Firstly I met his mum, dad and sister before we went down to the river until lunch was ready, it was down through the jungle which is full of banana, coconut, mango, papaya, star fruit plants growing everywhere, fields of rice, chili trees and much more, everything you could need really.  By the river there are a million butterflies and dragonflies of every color, and I enjoy sitting on the rocks just taking it all in before Buddika entertains me by taking a bath!  On the way back the women are washing their clothes then taking a bath themselves in the river, there are loads of them doing it!  
Once back we head in for lunch but it’s only Buddika and I that are dining, his parent’s bedroom has been set up with table and chairs and it has a hatch through to the kitchen, lunch is chicken curry, rice, dhal breads etc. and is delicious (although I find it funny because it’s too spicy for Buddika), there’s enough food to feed twice as many, they are so generous.  After lunch I sit with all the family, they have a computer in the living room and I find it funny when his dad puts on his specs and logs on, he’s sitting here in the jungle in his sarong then going online… it was hilarious and a great experience.

Buddika also invites me out to a wedding the following day in which the Kandy troop are doing their ‘welcome dance’, and I jump at the chance.  Once again I am met at the hostel and taken out to a remote village by bus where I get to meet everyone else in the company, and before anyone arrives I get some great photos of all their ‘costumes’ before meeting a group of young girls who will be singing a welcome song to the couple.  When they arrive the bride is stunning although her husband is a bit disheveled looking with his tie loose and top buttons undone, the Kandy dancers start the welcome dance and walk them into the hall to meet everyone before heading upstairs to light an oil lamp.  The young girls sing to the couple when they enter, and I enjoy the whole ritual of them being danced in and of seeing everyone in their best outfits… stunning.  I am once again fed and watered and welcomed into the occasion, all the ‘aunties’ smile at me and the ‘uncles’ nod, they’ve no idea who I am but they seem pleased to see me, they are so welcoming.
Next day I decided to head out to the Elephant Orphanage in Pinnawela near Kandy which takes a couple of hours, the elephants leave the orphanage at set times during the day and are walked down to the river to bathe before being walked back up for feeding and it’s an impressive sight, seeing a herd of elephants coming directly towards you.  There must have been around forty of them, many with their young wandering slowly back up through the village and back into the orphanage, it was well worth the visit, they’re impressive.  On the way back I visited one of the many Spice Gardens which although the purpose is to sell goods was very educational, showing me plants and what remedies they made from them, I was then given an amazing massage with some of the oils which was well worth going… mmm.  Before going back to Kandy I also stopped in at Molagoda which is a pottery village, I spent hours wandering in these shops looking at traditional items and how things are made, glazes etc. before getting a bus back to Kandy, after a thoroughly enjoyable day.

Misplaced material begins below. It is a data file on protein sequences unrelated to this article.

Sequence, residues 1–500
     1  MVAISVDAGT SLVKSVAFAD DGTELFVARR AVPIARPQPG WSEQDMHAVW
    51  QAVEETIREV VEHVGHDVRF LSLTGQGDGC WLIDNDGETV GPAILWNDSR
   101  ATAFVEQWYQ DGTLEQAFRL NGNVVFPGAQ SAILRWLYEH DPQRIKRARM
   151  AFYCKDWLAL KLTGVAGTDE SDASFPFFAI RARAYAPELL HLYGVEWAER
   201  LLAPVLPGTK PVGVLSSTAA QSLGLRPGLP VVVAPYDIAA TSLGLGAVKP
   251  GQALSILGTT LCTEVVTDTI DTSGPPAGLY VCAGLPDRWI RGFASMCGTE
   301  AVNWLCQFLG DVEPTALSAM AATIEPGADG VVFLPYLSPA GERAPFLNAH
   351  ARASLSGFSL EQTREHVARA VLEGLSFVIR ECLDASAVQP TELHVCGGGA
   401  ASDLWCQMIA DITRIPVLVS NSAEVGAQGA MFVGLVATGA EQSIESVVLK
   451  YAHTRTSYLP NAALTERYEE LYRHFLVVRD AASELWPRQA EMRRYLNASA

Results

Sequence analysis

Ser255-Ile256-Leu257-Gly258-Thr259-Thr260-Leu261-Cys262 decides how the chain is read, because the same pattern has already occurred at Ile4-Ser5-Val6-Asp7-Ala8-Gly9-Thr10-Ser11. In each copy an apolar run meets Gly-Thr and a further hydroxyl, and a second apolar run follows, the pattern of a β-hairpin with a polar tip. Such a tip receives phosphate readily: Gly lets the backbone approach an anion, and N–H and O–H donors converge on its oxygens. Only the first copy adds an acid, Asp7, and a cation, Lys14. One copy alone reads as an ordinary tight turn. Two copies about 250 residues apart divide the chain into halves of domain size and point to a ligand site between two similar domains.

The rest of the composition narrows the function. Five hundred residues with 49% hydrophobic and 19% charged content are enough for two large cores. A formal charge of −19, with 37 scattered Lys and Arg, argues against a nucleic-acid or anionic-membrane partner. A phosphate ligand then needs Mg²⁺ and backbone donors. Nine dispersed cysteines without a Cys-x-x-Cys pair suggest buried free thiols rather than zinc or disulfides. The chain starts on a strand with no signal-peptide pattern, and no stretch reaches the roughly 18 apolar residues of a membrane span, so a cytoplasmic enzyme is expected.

I enjoy staying up at the YMBA, they look after you, watching when you’re in, asking where you are going but just making sure you are safe, they are very kind.  They have a cafeteria on site and the guy who runs it just tries to feed you all the time, it’s string hoppers for breakfast with chili and dhal, they also have parcels which seem to be stuffed with onion and chili or fish which I’m really not that keen on, dinner tends to rice and curry and there’s always far too much, the food here really is very spicy but I enjoy it.